Sunday, May 20th, 2012, 394 days ago
The question raised about hsv colour values
Several days ago I got an email from a developer who asked why there were differences in the hsv threshold values between my example and the theoretical values from a paper. Well, my answer is that my example was designed to fit with the specific environment the application was implemented, which could be somehow smaller or larger than the theoretical range.
A simple demonstration
As recently I am working on a hand posture/gesture recognition project, I am curious about how the range of the hand colour would be different from the previous example. So I wrote a little piece of code and followed the hsv value from a paper which talks about the statistical skin colour ranges between different populations. A range of H for asian population was used, as it was specified to be between 0-50, and the range of S was between 0.23-0.68.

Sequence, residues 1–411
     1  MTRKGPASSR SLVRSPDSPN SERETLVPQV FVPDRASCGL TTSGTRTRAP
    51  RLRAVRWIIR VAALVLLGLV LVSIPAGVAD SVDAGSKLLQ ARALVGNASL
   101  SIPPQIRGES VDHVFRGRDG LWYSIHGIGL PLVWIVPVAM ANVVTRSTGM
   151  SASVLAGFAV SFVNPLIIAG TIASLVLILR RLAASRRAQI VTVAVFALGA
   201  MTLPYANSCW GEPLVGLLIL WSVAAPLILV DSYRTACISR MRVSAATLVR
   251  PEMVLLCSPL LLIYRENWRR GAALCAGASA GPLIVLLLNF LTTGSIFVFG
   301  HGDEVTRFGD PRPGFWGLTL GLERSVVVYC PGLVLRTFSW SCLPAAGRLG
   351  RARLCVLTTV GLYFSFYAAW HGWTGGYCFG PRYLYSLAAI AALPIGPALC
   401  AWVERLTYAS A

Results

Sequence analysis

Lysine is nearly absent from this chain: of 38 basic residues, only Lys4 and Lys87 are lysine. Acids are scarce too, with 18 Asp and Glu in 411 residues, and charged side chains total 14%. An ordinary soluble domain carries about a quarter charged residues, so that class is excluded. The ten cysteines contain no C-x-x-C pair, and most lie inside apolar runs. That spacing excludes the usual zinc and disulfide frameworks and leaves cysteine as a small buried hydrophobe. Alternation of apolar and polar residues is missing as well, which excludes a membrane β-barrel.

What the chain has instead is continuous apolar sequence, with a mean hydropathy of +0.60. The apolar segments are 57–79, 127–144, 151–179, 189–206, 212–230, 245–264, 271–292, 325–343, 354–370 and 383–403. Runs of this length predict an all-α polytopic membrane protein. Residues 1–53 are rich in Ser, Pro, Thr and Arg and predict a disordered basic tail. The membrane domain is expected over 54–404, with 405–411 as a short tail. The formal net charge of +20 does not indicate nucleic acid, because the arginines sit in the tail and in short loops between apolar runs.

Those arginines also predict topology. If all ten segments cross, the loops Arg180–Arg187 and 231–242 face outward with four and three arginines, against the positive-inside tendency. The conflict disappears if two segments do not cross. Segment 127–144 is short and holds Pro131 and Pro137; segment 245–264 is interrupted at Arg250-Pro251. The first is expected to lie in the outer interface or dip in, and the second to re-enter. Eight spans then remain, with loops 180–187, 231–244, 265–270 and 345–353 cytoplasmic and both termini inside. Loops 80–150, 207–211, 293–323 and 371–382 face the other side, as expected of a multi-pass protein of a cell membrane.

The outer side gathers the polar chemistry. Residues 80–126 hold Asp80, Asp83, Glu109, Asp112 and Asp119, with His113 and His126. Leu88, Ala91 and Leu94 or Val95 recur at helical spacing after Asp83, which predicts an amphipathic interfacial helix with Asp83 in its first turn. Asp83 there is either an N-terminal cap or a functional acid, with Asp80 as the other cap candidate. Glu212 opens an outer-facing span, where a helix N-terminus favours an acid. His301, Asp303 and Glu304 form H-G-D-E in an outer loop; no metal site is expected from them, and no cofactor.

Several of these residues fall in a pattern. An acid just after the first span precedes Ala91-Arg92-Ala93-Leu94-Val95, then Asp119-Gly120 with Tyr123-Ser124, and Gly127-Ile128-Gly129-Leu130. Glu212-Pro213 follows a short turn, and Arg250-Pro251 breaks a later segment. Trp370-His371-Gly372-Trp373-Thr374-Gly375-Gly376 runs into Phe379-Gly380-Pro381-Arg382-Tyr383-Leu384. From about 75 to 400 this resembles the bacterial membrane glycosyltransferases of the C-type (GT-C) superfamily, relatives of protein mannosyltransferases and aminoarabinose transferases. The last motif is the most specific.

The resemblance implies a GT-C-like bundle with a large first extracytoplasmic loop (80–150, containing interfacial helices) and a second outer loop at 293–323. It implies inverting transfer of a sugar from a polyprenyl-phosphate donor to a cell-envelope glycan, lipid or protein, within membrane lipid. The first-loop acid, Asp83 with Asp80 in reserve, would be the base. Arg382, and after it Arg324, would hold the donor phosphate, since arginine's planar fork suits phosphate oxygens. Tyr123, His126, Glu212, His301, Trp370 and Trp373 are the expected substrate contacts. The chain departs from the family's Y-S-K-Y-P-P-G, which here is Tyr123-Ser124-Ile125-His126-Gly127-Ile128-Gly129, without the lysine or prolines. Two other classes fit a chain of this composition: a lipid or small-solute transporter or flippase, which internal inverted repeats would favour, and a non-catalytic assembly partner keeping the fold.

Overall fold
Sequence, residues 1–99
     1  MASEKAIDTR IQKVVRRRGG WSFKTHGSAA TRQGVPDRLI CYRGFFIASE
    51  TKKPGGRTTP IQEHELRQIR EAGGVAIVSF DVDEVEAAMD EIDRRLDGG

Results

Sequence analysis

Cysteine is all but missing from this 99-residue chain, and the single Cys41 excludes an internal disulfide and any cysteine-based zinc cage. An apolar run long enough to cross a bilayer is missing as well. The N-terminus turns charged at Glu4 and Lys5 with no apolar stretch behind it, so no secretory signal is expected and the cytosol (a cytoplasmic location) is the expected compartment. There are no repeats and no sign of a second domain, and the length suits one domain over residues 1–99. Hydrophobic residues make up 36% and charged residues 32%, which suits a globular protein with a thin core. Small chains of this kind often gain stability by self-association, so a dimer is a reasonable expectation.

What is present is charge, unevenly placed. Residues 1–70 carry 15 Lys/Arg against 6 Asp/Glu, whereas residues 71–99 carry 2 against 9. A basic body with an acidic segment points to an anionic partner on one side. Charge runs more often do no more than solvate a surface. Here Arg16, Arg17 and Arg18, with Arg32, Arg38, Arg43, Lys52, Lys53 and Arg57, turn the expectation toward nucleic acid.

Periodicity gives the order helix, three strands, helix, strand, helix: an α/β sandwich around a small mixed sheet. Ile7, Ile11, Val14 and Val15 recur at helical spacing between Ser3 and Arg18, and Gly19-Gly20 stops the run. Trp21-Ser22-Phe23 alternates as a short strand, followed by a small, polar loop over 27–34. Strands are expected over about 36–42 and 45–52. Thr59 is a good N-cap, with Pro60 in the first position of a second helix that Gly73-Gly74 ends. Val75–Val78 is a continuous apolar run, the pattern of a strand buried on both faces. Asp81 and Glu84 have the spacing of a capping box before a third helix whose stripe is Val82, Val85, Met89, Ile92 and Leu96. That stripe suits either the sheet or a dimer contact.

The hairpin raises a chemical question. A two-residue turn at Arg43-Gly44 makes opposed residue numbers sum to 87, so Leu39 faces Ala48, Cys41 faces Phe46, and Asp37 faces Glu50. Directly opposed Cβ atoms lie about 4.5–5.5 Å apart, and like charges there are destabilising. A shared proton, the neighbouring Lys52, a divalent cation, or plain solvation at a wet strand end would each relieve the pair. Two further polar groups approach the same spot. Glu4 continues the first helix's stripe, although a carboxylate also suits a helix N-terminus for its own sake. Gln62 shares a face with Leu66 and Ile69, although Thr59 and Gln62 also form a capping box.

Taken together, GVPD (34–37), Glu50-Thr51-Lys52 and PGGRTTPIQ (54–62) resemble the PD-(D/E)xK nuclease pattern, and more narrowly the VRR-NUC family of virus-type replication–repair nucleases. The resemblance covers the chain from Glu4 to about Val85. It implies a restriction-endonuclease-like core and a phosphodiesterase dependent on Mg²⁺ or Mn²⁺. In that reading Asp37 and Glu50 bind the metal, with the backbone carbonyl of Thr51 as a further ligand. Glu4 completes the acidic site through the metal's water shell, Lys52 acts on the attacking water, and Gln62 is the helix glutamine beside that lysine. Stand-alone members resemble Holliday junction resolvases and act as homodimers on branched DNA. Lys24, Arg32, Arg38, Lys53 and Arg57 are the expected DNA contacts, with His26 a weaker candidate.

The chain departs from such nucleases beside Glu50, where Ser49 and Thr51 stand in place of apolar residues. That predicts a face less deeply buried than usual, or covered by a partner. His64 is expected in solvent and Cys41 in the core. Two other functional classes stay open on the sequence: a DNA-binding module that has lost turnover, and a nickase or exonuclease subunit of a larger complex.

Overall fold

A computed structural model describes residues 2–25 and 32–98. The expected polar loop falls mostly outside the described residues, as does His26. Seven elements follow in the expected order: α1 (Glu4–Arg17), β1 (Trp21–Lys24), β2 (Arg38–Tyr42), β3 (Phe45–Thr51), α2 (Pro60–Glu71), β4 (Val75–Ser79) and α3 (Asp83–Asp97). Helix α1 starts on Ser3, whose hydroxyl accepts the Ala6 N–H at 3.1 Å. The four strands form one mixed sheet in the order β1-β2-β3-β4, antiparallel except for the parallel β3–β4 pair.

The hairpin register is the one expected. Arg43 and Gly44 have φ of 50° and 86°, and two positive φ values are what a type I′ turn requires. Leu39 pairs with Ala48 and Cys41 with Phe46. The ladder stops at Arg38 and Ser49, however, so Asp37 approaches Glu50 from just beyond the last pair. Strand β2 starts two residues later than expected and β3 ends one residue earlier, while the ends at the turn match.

I had a quick run-out, and the results were showed as the first picture said, which seemed quite nice. But, as I moved my hands close to the window with rich sunshine, the palms became white and the colour range cannot recognise accurately any more.
Using hsv colour to extract skin areas in the picture is, indeed, an efficient way, based on current dominant computers it is a good way to have real-time results.
using hsv is not a very stable way that can be relied on to detect hand gestures, as demonstrated clearly above, the contextual environments had significant influence on the accuracy of the results.
Fortunately, only if, the environment the applications aim to use in, the hsv can be a good way to achieve your goal by carefully configuring the colour range.